ERS Driver Safety Series: Unique Challenges on South African Roads – Potholes


In our first instalment of our Driver Safety Series for South African drivers,

we are going to explore probably the biggest irritation and physical danger on our roads: Potholes. In this blog article we will provide you with excellent tips and advice on how to avoid or minimise damage to your vehicle due to potholes (we know, it’s practically impossible to always avoid them, but this will help!), what to do next if you have incurred damage, and what your legal options are.

South Africans are well known for their unique sense of humour. Nothing escapes becoming a joke or a funny story in our country. We believe it is mostly a psychological way to deal with the various challenges we need to face daily.

We are more than familiar with the state of many of our roads, especially in suburban areas and even more so in small towns where little or no maintenance is done.

This can cause major damage to your vehicle should you hit one of these potholes unexpectedly. It’s an even bigger problem during the rainy season, when it is almost impossible to spot a pothole filled with water.

It can also be the cause of a serious accident if one motorist tries to avoid a pothole and in doing so enters the oncoming lane of traffic.

How can you avoid damage to your vehicle due to potholes?

  • Don’t drive through puddles.
  • Stay alert on unfamiliar roads.
  • Keep a safe distance between vehicles. This way you have enough time to react should the vehicle in front take evasive action to avoid a pothole, or you can be alerted when they hit a pothole.
  • Keep up on car maintenance.
  • Drive slower in the dark and rainy weather.

Hitting a pothole can cause a variety of tire issues, from blowouts to poor alignment, both of which compromise your vehicle and can make it dangerous to drive. If you accidentally smack a pothole, get out and examine your tire(s).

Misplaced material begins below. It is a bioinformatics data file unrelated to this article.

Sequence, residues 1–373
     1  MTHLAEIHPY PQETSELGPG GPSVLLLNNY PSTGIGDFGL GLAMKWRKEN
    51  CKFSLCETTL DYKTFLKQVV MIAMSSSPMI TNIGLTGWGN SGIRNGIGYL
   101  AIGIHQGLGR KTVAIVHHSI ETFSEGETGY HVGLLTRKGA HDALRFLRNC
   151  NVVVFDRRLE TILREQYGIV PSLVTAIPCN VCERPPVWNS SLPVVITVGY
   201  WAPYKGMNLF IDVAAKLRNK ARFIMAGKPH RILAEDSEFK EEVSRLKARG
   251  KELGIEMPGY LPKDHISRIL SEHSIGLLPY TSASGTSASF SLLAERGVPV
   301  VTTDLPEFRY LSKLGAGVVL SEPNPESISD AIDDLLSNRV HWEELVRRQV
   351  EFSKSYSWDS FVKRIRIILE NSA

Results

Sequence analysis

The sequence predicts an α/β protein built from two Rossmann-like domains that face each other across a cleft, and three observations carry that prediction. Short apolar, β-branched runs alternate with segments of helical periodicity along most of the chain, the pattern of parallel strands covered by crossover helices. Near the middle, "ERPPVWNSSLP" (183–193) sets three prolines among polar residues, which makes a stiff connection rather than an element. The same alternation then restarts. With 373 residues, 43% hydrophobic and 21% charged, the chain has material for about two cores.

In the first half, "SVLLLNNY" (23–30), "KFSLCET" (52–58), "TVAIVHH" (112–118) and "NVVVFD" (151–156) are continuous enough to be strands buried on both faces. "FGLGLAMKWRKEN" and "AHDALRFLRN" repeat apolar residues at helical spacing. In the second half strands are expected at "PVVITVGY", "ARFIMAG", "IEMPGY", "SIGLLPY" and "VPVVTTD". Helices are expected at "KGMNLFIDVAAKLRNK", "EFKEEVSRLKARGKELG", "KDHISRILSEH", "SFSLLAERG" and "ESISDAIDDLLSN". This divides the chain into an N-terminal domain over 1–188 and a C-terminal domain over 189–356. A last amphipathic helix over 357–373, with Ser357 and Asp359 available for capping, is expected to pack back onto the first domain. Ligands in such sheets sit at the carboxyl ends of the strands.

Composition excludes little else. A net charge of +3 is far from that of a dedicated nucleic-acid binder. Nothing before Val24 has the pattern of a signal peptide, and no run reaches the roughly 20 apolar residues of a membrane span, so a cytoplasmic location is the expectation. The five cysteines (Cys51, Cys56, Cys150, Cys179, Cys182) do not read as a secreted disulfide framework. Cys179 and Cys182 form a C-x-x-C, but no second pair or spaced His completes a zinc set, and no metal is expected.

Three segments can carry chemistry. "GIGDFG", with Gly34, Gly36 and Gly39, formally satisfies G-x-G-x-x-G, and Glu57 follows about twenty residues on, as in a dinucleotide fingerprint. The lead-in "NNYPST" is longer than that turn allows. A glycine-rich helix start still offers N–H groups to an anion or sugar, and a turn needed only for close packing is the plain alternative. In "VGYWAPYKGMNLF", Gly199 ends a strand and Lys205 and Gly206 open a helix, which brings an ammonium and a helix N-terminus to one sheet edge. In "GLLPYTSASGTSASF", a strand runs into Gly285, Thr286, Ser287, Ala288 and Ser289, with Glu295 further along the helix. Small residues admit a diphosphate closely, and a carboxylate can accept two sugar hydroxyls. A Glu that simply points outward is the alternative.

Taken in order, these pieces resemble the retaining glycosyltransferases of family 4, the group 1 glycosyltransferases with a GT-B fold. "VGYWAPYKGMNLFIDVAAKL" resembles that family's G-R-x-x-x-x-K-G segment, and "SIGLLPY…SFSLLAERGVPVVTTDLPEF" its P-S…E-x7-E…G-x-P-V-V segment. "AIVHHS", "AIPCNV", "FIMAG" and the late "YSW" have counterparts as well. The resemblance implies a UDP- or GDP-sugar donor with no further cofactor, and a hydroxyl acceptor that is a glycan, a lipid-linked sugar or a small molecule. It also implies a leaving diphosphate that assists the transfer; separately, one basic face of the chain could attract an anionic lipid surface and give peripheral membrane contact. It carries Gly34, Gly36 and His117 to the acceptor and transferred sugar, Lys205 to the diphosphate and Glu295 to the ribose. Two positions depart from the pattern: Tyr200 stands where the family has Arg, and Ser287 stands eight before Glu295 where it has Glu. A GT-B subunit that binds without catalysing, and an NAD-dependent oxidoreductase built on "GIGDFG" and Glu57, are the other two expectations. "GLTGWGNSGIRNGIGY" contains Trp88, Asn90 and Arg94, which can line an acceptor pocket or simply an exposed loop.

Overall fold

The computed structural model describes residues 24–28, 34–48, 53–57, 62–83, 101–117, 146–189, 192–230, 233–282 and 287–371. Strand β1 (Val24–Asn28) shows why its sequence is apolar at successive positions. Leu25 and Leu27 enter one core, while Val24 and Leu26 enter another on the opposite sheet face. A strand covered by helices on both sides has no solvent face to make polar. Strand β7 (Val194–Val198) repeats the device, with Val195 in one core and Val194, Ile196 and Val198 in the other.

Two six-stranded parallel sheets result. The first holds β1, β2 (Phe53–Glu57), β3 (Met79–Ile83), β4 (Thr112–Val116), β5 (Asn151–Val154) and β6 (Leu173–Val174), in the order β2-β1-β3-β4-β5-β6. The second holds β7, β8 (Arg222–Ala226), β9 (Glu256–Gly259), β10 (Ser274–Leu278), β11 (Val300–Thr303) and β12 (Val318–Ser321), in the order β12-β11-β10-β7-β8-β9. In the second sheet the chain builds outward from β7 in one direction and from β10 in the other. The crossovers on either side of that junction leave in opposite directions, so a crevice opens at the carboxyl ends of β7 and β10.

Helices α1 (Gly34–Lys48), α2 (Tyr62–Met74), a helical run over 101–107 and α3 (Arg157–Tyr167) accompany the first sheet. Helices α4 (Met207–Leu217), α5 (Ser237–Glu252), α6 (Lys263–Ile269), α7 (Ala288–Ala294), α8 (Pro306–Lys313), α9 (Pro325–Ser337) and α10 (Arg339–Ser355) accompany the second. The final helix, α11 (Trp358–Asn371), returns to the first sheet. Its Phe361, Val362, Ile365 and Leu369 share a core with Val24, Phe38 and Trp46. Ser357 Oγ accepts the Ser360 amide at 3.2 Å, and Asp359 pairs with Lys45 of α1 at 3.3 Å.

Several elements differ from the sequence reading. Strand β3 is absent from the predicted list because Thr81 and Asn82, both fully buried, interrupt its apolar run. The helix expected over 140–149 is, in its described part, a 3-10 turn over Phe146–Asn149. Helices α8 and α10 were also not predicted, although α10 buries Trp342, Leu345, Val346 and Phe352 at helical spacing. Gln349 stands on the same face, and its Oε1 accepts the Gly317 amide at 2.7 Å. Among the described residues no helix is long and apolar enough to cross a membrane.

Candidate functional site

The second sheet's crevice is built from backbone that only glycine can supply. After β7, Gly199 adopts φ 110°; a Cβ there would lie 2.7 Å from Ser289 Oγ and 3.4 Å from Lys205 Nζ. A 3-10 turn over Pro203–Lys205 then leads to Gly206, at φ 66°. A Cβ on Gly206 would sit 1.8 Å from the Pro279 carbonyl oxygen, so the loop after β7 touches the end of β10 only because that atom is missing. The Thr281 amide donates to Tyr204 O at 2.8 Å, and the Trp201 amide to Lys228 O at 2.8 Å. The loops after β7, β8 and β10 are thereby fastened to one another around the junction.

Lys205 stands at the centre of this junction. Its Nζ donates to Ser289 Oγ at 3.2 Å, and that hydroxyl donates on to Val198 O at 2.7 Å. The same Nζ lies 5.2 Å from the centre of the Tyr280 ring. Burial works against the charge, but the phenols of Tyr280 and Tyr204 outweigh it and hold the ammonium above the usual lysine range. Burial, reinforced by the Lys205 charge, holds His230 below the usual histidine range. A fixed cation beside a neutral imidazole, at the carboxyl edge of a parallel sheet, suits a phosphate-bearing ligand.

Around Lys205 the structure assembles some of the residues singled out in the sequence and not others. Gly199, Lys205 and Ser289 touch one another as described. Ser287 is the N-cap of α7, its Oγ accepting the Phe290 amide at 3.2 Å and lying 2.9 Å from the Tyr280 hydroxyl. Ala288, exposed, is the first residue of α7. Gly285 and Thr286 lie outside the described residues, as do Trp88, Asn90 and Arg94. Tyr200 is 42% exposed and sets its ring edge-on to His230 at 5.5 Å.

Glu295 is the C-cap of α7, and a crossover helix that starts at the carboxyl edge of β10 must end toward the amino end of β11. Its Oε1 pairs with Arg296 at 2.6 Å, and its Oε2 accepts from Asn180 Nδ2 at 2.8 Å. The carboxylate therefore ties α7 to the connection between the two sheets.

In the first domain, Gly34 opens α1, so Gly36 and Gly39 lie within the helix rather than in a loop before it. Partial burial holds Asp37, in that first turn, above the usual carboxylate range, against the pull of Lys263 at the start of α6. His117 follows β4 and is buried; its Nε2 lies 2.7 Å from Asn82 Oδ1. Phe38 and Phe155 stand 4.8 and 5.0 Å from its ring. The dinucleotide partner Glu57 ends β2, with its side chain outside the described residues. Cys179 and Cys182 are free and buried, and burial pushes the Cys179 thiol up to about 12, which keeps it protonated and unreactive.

Check for damage, which can be any of the following:

  • Loss of tire pressure.
  • Noticeable dents in your wheel rims.
  • Vibrations in the steering wheel.
  • Steering wheel pulling to one side

But what to do if you cannot avoid the pothole and are forced to drive through it?

The natural inclination is to swerve, but if that is not an option try to slow down as much as possible before hitting the pothole. You must release the brakes before the impact to minimise damage to the tires and the suspension components. If the wheel is locked by the brakes as it strikes the opposite edge of a pothole it is much more likely to burst the tire, bend the wheel rim, or bend the suspension links.

How do you deal with the damage to your vehicle after hitting a pothole?

This is an insured incident, and you can claim from your insurer for the incurred damage.

What happens if you are uninsured/not insured?

You can try to claim from the responsible municipal or regional government for your expenses to repair your car. The sad reality, however, is that many municipalities are not in the financial position to remunerate you for this damage.

To ensure that you can prove your claim, you need to provide the following information:

  • A photo of the pothole.
  • A photo or GPS co-ordinate to pinpoint exactly where the pothole is/was (it might have been filled by the time you institute your claim).
  • A quotation of the damage caused to your vehicle.
  • Other requirements as per the specific entity you are dealing with.

To assist you with this process, you can also visit for help to act on your behalf to claim the money/damage from the responsible entity.

What is the legal implication if you swerved to avoid a pothole and then collide with another vehicle?

The Motor Law states that a motorist cannot avoid one accident and cause another. Therefore, the outcome of such a claim will not be a clear-cut situation. This is easier said than done, as anybody facing that situation needs to decide in a millisecond what evasive action to take.

As citizens of this beautiful country of ours, what do we do about the pothole situation?

Be aware that anybody working on a public road must first acquire wayleave from the metro, otherwise they might be in contravention of the by-laws of the metro. If further damage or injury occurs due to somebody fixing a pothole themselves, that person might be held liable for the consequential damage or injury.

Despite this, many fed-up South Africans have taken it upon themselves to fix potholes. Every pothole fixed is one less of the estimated 25 million around the country!

We trust that the above will provide you with the help and guidance you need if you find yourself in a “pothole situation”, and do keep an eye on our socials for our next instalment in the series of driver safety tips for South Africans.

If it was not your fault, Excel Recovery Services and Phetolo ERS can assist to turn negative impacts into positive outcomes. Help is only a click away:

We’ve got your back!

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